Before serial rapist Ryan Craig Stevens was sentenced to 32 years to life in prison Friday in Santa Maria, a prior victim told the 51-year-old Santa Barbara man that he stole her innocence and her childhood.
“What kind of person rapes a child?” Jane Doe No. 4 asked in a victim impact statement read by Deputy District Attorney Jennifer Karapetian. “You are what nightmares are made of and still plague mine to this day.”
Stevens, who had been imprisoned for prior rapes of underage girls, was found guilty of attempted rape of a 15-year-old girl in September 2013 in downtown Santa Barbara. At the time, he was a transient and a registered sex offender.
Santa Barbara County Superior Court Judge John McGregor sentenced Stevens to 25 years to life in state prison, which will follow the seven years for his previous convictions. He received credit for more than 1,100 days served.
McGregor also assessed $20,000 in restitution fines and required Stevens to provide a DNA sample.
The rape victim in the current case declined to make a statement, but one of his prior victims submitted a letter.
“What he did to me, all of those years ago affects me to my core being,” Karapetian read from the letter. “He took my innocence, my childhood, and what makes it even worse is knowing that he isn’t even remorseful because he went out and did it again to another underage girl three years ago.”
In addition to the victim from the 2013 attack, the most recent trial included testimony from two earlier victims, although there reportedly are three additional victims linked to Stevens.
Jane Doe No. 4 wrote tha ther life changed drastically since the attack.
“I don’t even feel safe in my own home and my own skin,” she wrote. “All of these years later, I still see your face in crowds and on the street.
“Today my wish is the law takes care of you the way you need to be dealt with so I never have to see your disgusting face ever again.”
The attack took away her self worth, privacy, energy, safety, intimacy, confidence and her own voice — until Friday.
“I want you to hear these words over and over,” she wrote. “You, Ryan Craig Stevens, will have to face a more powerful person one day but until then may you never never see the light of day for all of the pain you have caused to me, my family and all of the other girls left lying in your wake.”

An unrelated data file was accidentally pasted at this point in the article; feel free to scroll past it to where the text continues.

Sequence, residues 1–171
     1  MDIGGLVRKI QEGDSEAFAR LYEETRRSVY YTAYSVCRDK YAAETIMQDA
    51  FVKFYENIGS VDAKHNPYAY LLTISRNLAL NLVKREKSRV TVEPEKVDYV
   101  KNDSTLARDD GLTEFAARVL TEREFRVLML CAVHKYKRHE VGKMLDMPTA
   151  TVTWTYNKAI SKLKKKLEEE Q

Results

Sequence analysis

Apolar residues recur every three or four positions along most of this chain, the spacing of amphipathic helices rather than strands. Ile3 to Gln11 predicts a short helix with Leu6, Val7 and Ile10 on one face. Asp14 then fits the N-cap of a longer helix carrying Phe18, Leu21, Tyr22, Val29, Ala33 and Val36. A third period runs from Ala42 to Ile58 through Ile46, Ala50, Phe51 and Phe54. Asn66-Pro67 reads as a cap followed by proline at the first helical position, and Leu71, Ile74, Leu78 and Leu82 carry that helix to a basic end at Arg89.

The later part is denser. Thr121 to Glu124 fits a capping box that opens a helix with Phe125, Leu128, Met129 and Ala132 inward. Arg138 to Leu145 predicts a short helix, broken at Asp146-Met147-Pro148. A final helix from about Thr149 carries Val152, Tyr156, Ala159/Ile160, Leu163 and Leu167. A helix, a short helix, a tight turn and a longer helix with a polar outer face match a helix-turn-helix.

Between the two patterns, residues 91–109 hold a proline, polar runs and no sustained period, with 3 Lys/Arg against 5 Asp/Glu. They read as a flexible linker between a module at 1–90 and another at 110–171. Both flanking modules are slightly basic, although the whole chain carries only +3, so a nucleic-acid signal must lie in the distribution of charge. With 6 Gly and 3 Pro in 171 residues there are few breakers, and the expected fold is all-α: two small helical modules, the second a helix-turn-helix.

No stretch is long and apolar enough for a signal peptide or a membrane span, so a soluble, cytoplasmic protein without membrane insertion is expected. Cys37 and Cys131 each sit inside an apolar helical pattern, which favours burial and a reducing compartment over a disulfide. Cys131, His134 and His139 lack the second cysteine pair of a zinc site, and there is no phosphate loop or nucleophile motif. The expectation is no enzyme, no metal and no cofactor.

The hearing started with a discussion about motions to dismiss the newest conviction, with defense attorney Adrian Galvan of Santa Maria-based Galvan & Cornelius LLP arguing the trial testimony did not support an indication that Stevens intended to rape the girl.
Galvan also sought to have three or four prior strikes dismissed.
McGregor denied the defense motion for a new trial, saying “the record is replete with evidence of planning or grooming activities engaged in by the defendant.”
“The specific intent has been amply shown by the evidence of his consistent conduct with underage women and alcohol, creating the circumstances where he is alone with the young women under the influence of alcohol …,” he said, adding that sufficient evidence exists to support the guilty verdict.
In considering whether to remove the prior strikes, McGregor also said he assessed the nature of the latest crime with the previous convictions and determined the circumstances were similar: underage or young women, intoxicated, isolated and then sexually assaulted.
“For the court to strike the prior strikes, the court would have to find the defendant was a person who was outside the spirit of the three-strikes law, where in fact the court finds the defendant is exactly within the ambit of the three-strikes law and its purposes,” McGregor said in denying the motion.
In a rambling, 13-minute statement to the court, Stevens denied involvement in the latest attack and lashed out at the justice system, police officers, the prosecutor, the judge and the victim about what he contends were blatant untruths, even referencing a recent motorcycle crash of McGregor.
“At the start of his trial God knocked you off your motorcycle,” Stevens told the judge. “It was warning. You should heed it.”
Stevens blamed his childhood, claiming he was conceived in a moment of violence when his father raped his mother. He also claimed he was sexually assaulted as a child when an older girl “climbed on top of me and didn’t get off me for four years.”
“I was bitten and that was the death of my innocence,” he said. “That night I knew that evil existed, not in the abstract but in the flesh.
“When I was touched I was contaminated by that contact, and since then I have had this thing inside of me that won’t let go.”